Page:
It'll be One Big Company Before it's Over: Legendary Captain Joe Rose of Beaufort

Reprinted and edited from Tradewinds Magazine, 2018, B. Garrity-Blake

Captain Joe Rose of Beaufort is a rare breed of fisherman. He is one of the few remaining owner-operators in the Atlantic Coast fleet of ocean-going draggers that ply the waters from Cape Hatteras to the Grand Banks near Nova Scotia. He talks about underwater topography and place names unfamiliar to the average landlubber: Hudson Canyon. New York Gully. Monster Ledge. Baltimore Canyon. 

Nearing his 72nd birthday last December, Captain Rose was preparing to hang up his oilskins. He took his last trip before Christmas. He sold his 86 foot steel trawler Susan Rose to The Town Doc in Port Judith, Rhode Island, a wholesale seafood company whose motto is Holding Squid to a Higher Standard

Independent trawler captains like Rose are becoming fewer in number for a variety of reasons, not the least of which is the increasingly prohibitive cost of federal fishing permits. Permits, traded on the free market, are typically sold with the boat, and can far exceed the vessel’s value. 

“You get three times more for the permits than you actually get for the boat,” Captain Rose remarked.

“I’ve tried to mix my fishery up so that I can be into everything. Whatever was good at the time.” His permits included summer flounder, sea bass, porgies, monkfish, dogfish, and skates. 

As few individuals can afford to buy into federal fisheries, the image of the independent fisherman plying the seas is giving way to the reality of hired captains working for companies who can afford the hefty price tag.

“It’ll just be one big company before it’s all over with,” Joe Rose mused. He counted on one hand the number of owner-operator captains from North Carolina who still participate in mid-Atlantic and northern fisheries. 

It wasn’t always this way. Captain Rose recalled when independent fishermen were the norm, and small wholesale buyers were everywhere. 

“We’d pack out at Billy Smith’s in Beaufort and you’d see pickup trucks all the way to Morehead bridge," he said. "Right behind the other – getting fish and going all over the state with them. You don’t see that no more – now it’s tractor trailers, and four or five plants from here to New Bedford take it all."

He added, "That’s what quotas do.” 

Joe Rose was born in a fishing family. His father, Clarence Rose, fished out of Beaufort, Vandemere, and even Greenport, Long Island. 

“That’s where we grew up summertime,” he said. “Daddy lobstered out of there.”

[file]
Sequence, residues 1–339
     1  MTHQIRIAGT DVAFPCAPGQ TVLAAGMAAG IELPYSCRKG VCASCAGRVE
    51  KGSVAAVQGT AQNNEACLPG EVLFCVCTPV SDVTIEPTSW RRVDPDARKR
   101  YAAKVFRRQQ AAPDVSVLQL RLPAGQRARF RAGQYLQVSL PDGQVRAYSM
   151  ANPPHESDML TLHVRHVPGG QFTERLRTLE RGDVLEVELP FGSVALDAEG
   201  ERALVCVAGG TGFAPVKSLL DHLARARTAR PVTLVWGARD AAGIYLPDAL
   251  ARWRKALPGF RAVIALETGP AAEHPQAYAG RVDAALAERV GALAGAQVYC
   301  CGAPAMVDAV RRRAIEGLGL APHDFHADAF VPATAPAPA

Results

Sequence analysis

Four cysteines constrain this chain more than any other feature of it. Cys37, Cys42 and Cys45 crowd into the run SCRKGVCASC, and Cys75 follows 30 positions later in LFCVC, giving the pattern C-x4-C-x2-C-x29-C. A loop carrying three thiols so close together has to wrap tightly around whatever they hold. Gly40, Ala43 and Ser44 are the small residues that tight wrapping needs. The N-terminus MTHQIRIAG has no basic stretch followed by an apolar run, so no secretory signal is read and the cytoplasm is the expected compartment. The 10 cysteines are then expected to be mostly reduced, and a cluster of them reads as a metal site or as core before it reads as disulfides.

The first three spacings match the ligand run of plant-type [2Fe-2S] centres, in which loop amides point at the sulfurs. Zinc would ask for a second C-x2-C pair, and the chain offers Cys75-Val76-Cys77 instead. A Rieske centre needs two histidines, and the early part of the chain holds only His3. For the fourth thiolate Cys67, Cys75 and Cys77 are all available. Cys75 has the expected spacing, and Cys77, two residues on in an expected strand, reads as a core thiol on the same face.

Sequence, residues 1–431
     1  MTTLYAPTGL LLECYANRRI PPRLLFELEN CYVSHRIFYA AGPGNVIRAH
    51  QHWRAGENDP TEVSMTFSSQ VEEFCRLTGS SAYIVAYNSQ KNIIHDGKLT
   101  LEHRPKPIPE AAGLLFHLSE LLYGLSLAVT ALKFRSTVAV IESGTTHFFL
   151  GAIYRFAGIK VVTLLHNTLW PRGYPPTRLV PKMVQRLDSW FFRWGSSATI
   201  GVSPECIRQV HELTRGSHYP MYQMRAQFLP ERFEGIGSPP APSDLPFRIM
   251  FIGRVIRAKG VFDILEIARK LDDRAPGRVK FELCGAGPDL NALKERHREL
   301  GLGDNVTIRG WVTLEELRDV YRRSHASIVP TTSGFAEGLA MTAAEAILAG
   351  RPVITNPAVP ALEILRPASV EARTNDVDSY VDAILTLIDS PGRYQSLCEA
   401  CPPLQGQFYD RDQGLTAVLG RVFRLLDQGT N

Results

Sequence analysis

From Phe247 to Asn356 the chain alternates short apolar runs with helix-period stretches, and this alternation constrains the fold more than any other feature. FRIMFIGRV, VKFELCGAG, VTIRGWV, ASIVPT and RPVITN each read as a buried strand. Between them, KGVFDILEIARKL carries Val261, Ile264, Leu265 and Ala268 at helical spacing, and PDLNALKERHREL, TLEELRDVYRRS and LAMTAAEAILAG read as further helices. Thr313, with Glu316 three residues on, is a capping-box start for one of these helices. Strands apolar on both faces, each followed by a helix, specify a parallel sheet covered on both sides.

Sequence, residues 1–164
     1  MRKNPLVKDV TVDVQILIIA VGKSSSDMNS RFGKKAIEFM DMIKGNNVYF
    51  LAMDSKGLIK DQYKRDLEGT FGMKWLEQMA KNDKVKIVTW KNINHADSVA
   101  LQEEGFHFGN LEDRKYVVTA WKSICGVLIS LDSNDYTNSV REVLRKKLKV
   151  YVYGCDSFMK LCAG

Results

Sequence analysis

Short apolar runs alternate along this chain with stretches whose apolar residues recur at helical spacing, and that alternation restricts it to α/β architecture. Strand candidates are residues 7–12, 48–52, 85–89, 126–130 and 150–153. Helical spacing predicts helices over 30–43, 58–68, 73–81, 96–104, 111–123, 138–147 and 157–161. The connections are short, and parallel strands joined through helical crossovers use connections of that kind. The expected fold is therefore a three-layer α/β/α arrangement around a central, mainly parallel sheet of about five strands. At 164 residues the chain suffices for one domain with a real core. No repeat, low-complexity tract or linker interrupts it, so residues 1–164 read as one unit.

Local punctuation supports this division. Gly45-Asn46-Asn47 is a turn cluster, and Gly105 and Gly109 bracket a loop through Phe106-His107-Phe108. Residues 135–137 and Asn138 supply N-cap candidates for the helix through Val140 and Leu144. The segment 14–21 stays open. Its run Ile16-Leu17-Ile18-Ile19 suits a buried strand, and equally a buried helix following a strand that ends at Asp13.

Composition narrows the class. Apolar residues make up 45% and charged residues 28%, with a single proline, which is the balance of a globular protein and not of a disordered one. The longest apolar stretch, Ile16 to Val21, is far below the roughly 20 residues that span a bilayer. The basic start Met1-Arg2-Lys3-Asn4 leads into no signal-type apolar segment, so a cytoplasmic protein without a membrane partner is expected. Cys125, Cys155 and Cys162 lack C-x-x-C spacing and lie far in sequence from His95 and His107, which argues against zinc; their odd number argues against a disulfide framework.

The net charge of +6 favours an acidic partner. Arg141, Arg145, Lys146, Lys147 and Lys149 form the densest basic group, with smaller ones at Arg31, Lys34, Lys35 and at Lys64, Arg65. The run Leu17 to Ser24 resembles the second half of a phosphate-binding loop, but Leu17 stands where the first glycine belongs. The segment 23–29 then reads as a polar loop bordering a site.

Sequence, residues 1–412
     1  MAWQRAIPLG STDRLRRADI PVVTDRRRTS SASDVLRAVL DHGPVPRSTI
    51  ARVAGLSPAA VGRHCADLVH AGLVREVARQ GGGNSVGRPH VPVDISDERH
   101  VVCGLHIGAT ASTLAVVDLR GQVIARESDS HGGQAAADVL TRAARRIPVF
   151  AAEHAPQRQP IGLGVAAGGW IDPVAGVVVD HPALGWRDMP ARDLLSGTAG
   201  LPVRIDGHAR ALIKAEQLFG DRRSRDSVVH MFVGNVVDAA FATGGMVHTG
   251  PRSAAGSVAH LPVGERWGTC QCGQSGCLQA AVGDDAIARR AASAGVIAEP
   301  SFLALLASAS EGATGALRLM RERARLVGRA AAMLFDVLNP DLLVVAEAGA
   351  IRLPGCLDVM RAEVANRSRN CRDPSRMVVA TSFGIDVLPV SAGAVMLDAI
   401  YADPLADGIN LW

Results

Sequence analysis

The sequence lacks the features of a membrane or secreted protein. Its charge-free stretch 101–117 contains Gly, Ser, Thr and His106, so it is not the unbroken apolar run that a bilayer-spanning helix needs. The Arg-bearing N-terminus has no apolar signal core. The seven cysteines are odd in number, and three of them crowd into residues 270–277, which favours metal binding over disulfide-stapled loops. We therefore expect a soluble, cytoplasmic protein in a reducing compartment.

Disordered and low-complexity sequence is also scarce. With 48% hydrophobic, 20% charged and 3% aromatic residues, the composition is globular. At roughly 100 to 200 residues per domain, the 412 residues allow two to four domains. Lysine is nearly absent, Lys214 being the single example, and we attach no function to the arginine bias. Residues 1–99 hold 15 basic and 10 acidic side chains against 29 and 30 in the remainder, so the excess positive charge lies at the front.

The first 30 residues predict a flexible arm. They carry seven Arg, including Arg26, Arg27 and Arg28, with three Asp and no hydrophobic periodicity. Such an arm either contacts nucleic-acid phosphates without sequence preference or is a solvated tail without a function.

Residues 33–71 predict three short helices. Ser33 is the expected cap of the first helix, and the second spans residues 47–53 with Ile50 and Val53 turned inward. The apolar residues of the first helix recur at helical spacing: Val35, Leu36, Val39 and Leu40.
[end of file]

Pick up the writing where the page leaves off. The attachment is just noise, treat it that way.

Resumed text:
One of eight siblings, Joe Rose and three of his brothers – Kenneth, Benny, and Bickle, became full-time commercial fishermen. Joe began fishing with his father at fifteen. 

“And I never earned a full share on Daddy’s boat until I was married two years! He told me, when you know it all, you can get it all.” 

Captain Rose and his brothers participated in a great variety of fisheries, including the flynet fishery off North Carolina. Flynets don’t drag the bottom but fish higher in the water column for pelagic species like gray trout.  

“One morning I packed out at Ralph Taylors on Core Creek,” Joe Rose recalled. “Got ice and stuff, and was back out the inlet by two o’clock.” He rounded Knuckle Buoy at Cape Lookout Shoals and noticed something strange. “I seen brown water come up - what in the world? It was fish, kicking the mud up in eleven, twelve fathoms of water.” He spun his vessel around and set his net. In no time he was steaming back to the dock with 40 thousand pounds of trout. 

“I called Ralph, and he said, Naw you’re just joking! You ain’t got no fish on that boat that quick! I said, have the gang down there. I’ll be there in an hour.”

Fly nets were banned south of Cape Hatteras by state managers in the early 1990s in an attempt to recover gray trout stocks. In Captain Rose’s view, the closure had little impact.  

“All the species are going north,” he shrugged. “And we go where the fish are.” He pointed to the unusual abundance of shrimp off the North Carolina coast this winter, and the growing quantities of trout, sea mullet, and spot caught up north, as examples.  

“A man caught 3,000 pounds of spots in one tow last year off Point Judith, Rhode Island,” he said. “He wouldn’t take them to the dock until he found out what they were – he had never seen them before!”  

Since the Government implemented state-by-state quotas of summer flounder in 1993, North Carolina has received the largest share of the fishery on the Atlantic Coast, reflecting decades of high landings by Tarheel fishermen. Trouble is, summer flounder populations are trending north, and the bulk is now caught off New Jersey and New York. So fishermen permitted to land flounder in North Carolina find themselves catching fish up north, only to steam south to Beaufort Inlet to unload their catch. 

“Our fuel expenses last trip was $3,800, to steam two and a half days from New York to Beaufort Inlet, two and a half days back to the fishing grounds, Captain Rose explained. “Five days, just to unload your fish.” Although Oregon Inlet is the closest entry for boats steaming from the north, it is all but impassible due to shoaling.